The last 2 weeks are a bit trying. Mr Mason has been away overnight which means Dog and Lark are my sole responsibilities. They also play up because he is not here. Gavin, the gardener, tells me that because the Alpha male is gone, they are anxious. “But I am Lark’s favourite” I say. “Yes,” he says, “you can have an Alpha bitch…” and then tails off, not sure where the conversation is going. Anyway, the second week of nights away is not so bad except my sleep has gone all to pot, as they say. I am so tired I am hallucinating and even when dozing, I wake myself by moving my hands to pat the heads of animals in my dreams and start talking to myself about half empty jars of pickles which don’t exist in my bedroom. It’s a very strange, surreal feeling, this lack of sleep. I become quite unsteady on my feet and have to be careful when leaving my study as the entrance is near the top of the stairs. Even without the aid of a little dog, it would be easy to pitch myself down them.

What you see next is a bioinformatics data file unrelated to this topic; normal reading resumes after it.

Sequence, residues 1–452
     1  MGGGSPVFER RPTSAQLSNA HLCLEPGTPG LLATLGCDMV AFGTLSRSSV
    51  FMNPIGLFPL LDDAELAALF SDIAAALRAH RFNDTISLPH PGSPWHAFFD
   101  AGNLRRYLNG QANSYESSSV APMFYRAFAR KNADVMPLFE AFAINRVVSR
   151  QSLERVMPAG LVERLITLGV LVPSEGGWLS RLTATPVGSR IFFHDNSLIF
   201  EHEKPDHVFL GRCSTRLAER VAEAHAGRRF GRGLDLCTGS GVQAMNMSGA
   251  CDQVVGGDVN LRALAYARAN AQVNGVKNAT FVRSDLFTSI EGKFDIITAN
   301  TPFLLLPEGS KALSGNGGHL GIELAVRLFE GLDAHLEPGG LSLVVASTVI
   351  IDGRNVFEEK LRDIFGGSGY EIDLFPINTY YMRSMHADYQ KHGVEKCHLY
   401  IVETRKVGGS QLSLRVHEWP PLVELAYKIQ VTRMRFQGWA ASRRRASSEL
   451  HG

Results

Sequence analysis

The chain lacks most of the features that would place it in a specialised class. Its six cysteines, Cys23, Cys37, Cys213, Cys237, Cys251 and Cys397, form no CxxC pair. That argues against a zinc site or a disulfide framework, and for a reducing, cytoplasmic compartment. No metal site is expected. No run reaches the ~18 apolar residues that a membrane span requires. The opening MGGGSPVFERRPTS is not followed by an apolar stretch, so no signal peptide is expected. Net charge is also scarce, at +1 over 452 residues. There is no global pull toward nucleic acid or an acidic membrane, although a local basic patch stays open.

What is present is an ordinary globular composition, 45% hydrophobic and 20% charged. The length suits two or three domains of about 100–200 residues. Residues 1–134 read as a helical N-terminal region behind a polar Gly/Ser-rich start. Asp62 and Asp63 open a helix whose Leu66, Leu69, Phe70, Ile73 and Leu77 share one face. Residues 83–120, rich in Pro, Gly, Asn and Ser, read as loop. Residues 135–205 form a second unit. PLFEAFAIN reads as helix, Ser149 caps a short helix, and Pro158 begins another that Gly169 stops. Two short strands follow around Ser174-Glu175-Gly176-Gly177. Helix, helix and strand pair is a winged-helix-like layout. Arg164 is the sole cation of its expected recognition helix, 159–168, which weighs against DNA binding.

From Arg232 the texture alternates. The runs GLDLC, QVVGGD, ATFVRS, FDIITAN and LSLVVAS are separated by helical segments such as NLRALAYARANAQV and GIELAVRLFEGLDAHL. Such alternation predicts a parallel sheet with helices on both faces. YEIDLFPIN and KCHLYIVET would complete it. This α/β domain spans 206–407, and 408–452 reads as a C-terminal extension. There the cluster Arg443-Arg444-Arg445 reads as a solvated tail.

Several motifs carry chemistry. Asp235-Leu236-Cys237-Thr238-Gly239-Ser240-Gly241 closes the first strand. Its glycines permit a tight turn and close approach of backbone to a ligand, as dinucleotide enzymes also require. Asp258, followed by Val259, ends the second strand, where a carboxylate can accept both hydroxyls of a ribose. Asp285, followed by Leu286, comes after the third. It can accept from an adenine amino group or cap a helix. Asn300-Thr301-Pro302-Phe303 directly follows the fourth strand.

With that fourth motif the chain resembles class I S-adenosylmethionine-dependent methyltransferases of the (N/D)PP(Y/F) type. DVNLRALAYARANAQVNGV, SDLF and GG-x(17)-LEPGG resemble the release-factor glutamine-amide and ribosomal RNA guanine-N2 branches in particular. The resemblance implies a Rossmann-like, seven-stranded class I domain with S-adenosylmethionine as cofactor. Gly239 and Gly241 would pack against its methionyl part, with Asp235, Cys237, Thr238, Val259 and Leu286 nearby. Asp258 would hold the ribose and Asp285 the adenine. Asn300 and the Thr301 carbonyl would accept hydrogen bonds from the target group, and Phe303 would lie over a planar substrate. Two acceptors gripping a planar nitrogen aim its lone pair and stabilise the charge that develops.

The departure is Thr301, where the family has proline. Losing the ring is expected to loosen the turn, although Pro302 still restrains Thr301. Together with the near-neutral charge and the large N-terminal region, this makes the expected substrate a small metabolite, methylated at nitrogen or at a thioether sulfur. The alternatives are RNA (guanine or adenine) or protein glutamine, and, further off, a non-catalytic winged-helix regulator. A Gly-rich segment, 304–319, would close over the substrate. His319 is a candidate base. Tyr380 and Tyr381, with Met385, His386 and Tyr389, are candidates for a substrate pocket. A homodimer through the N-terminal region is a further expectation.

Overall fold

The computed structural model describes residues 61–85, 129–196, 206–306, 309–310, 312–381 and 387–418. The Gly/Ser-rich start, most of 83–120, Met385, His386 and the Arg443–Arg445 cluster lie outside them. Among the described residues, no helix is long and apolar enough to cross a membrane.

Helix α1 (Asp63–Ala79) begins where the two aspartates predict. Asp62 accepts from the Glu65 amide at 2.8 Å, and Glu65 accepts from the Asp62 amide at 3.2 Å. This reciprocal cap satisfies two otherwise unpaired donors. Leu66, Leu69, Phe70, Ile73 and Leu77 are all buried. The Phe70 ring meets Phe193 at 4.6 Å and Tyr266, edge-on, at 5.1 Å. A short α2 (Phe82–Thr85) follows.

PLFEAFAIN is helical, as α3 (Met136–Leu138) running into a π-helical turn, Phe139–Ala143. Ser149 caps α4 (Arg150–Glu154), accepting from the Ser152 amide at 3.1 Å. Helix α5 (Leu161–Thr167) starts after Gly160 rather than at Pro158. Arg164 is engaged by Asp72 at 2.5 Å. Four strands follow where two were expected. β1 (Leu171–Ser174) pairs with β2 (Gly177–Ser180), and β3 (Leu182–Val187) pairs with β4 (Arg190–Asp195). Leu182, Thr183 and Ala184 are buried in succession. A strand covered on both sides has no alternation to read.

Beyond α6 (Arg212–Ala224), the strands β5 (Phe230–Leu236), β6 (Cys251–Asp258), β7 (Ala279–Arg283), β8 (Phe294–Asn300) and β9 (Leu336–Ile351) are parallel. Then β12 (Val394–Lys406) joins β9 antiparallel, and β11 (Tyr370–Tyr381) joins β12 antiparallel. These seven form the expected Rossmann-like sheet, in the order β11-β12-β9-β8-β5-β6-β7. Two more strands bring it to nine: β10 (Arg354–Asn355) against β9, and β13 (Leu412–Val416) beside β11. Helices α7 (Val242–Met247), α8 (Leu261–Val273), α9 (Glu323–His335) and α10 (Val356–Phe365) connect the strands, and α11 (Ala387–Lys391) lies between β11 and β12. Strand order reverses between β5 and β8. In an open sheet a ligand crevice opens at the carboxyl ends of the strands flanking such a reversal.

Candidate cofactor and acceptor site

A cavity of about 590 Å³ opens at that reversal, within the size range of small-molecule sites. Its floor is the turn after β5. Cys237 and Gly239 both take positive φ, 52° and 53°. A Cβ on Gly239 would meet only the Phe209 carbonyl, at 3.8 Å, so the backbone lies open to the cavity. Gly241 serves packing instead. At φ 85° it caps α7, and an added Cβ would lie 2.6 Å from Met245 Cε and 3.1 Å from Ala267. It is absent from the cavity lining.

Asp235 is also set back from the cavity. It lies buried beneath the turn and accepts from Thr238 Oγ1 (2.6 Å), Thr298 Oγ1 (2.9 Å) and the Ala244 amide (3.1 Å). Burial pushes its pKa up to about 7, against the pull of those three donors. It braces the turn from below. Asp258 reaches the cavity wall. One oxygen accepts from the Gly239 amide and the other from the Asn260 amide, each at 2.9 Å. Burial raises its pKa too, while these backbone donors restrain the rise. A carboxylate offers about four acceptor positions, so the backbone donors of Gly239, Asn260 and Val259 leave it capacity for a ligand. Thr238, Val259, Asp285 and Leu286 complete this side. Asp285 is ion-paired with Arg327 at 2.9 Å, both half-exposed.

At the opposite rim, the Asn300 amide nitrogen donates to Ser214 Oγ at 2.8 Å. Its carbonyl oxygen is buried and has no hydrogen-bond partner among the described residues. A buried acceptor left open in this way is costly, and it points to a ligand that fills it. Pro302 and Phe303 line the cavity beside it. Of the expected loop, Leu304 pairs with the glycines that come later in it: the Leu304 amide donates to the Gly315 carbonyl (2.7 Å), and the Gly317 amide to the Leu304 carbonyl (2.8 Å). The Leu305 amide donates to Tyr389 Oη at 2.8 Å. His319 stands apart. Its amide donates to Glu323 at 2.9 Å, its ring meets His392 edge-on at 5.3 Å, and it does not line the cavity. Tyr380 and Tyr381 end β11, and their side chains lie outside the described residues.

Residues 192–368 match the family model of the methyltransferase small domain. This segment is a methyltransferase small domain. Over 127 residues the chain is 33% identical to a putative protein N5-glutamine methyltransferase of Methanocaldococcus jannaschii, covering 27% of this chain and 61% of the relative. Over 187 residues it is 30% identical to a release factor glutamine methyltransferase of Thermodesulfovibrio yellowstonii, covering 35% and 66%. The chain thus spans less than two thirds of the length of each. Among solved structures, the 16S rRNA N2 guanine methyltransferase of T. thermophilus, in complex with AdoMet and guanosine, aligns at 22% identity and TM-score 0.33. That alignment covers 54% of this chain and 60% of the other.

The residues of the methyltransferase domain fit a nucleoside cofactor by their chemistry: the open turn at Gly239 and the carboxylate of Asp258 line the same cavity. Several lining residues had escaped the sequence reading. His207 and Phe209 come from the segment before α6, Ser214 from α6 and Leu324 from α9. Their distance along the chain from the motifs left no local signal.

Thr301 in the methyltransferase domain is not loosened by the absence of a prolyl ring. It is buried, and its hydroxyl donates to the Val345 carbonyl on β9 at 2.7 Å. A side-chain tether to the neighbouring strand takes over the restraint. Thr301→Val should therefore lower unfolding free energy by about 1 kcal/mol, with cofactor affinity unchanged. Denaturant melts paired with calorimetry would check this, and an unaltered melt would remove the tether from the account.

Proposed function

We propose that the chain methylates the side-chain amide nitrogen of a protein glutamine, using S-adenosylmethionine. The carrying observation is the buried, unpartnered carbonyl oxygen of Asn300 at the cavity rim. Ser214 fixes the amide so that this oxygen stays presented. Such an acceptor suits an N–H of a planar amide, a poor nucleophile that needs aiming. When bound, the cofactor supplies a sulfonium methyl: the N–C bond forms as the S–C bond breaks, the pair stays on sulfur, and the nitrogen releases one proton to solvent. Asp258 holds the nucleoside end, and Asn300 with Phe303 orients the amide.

I am upstairs with Lark when Dog starts up a mighty barking and growling downstairs. This normally means someone is at the door so I wend my way downstairs and find I have left the back door open and there are 2 people standing the other side of the gate looking bemused. Archie quietens immediately, his door duties having been attended to and we stand there exchanging pleasantries for a few moments, talking about the weather, the dogs, the garden. I know what they want and I’m trying to think of a way to deter them pleasantly. I am tolerant of most faiths I have encountered and don’t want to rain on their parade, even if I think they are barking mad. The man has a nasty scab on his nose which keeps my attention and he starts by talking about war and sickness in the world. I slip in that I have terminal cancer, thinking playing the C card might get me out of the conversation quicker. They are very sympathetic and talk about God having a date in mind “and he won’t change it!” the man warns but that after that the Earth will become a paradise and there will be no more need for doctors, no more wars and no more starvation. All the dead will be resurrected and then I got a bit lost because he was talking about sin which doesn’t mean you’re a bad person or have done something bad but that you are imperfect. The woman pitches in at this point asking if I believe in the resurrection after death and I tell her no. “But it’s in the bible” she tells me. I say there are lots of things in the bible which are interpreted in many different ways and that I don’t share her belief. “Do you have faith? What do you think will happen after you’re dead?” she persists. And for some reason, in that moment she just gets to me. I couldn’t put into words what it was she said or what I was thinking but I felt tearful and thought “Bugger! Let them see they’ve upset me” so I just cried and said “I can’t talk about this any more”. They were apologetic for my feelings but still tried to push a leaflet on me so I don’t think they understood they had gone too far. It’s the idea that you have to save someone whether they like it or not I find bizarre. And the idea that being imperfect equates to wickedness. I didn’t know the woman’s name but know she lives in the village so I shall have to watch out for her.